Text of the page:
• Scientists Find First Signs of Dark Matter at LHC

    02/01/2011 3:01:27 PM PST · by Ernest_at_the_Beach · 24 replies
    Daily Tech ^ | February 1, 2011 1:45 PM | Jason Mick (Blog)
    Discovery of dark matter's behavior would solve many outstanding mysteries in physics Dark matter makes up five times more of the universe's mass that visible matter (~25% vs ~5%), yet scientists have yet to directly observe this ultra-abundant substance.  Scientists also have yet to observe dark energy, which may well beat out normal energy in universal abundance.  This lack of direct observations means that scientists no precious little about two of the most important physical components of our universe. That could soon change.  CERN's Large Hadron Collider, a 17-mile long circular underground track that is chilled to almost zero degrees Kelvin,...
  • Antarctic IceCube observatory to hunt dark matter (NSF study 'In Search of Neutrinos')

    12/23/2010 12:42:44 PM PST · by NormsRevenge · 18 replies · 1+ views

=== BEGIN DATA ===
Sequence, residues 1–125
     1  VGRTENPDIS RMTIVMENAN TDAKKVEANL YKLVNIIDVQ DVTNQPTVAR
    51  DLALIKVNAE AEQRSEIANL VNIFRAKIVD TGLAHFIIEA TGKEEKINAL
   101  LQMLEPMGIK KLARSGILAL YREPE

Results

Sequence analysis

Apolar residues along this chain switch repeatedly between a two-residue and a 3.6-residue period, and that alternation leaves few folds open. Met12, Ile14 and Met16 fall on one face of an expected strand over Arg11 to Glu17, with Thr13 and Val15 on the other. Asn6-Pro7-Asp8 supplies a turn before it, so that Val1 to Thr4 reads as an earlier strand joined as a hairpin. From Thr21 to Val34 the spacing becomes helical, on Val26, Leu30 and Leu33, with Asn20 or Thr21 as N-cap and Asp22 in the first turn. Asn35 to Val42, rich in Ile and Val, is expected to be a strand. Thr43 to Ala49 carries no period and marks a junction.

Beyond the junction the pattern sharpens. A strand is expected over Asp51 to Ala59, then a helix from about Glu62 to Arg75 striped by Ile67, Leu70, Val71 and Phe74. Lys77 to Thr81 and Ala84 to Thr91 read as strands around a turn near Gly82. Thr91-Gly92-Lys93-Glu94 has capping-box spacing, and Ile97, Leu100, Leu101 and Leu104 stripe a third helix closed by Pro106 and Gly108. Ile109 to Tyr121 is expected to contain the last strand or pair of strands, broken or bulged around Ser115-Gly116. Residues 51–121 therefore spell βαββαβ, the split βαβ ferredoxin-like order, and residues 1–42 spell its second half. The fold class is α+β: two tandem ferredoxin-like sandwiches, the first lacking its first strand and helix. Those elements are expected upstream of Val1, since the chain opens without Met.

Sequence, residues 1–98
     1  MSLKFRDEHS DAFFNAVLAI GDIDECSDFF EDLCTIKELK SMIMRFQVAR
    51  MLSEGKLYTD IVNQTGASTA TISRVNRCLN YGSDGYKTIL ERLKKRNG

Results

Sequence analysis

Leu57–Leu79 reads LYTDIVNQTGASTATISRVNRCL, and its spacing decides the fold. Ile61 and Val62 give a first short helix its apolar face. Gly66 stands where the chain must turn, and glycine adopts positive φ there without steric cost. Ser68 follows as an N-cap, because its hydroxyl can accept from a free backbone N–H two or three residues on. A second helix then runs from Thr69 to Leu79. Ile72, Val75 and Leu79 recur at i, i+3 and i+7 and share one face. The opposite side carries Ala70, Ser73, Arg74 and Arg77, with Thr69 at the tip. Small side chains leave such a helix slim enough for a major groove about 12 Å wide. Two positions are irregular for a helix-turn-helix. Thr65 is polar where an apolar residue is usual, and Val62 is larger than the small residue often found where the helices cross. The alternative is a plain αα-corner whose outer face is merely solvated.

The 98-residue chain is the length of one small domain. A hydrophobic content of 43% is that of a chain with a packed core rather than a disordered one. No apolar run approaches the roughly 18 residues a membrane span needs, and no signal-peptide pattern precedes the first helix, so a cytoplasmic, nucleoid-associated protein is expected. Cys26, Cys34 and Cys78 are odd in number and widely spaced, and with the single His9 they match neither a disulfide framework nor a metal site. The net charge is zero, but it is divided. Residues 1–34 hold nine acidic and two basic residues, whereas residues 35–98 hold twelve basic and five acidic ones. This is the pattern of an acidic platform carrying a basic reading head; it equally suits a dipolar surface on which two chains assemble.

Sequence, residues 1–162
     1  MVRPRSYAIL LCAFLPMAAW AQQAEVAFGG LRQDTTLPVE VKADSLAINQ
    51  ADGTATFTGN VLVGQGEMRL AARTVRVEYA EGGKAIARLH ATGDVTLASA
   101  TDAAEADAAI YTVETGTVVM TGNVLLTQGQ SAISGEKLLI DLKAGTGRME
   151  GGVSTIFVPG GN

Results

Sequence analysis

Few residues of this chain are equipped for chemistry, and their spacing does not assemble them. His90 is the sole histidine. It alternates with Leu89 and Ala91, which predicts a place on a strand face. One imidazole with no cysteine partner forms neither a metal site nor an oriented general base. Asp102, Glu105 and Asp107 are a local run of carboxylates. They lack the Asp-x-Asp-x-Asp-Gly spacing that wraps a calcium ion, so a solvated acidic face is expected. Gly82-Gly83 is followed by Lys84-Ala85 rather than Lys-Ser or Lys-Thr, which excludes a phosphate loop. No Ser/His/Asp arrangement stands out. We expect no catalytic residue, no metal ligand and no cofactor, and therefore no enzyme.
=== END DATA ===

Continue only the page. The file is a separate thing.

AFP on Yahoo ^ | 12/23/10 | AFP
    WELLINGTON (AFP) – An extraordinary underground observatory for subatomic particles has been completed in a huge cube of ice one kilometre on each side deep under the South Pole, researchers said. Building the IceCube, the world's largest neutrino observatory, has taken a gruelling decade of work in the Antarctic tundra and will help scientists study space particles in the search for dark matter, invisible material that makes up most of the Universe's mass. The observatory, located 1,400 metres underground near the US Amundsen-Scott South Pole Station, cost more than 270 million dollars, according to the US National Science Foundation (NSF)....
  • Dark energy and flat Universe exposed by simple method

    11/24/2010 12:52:49 PM PST · by NormsRevenge · 39 replies
    BBC News ^ | 11/24/10 | BBC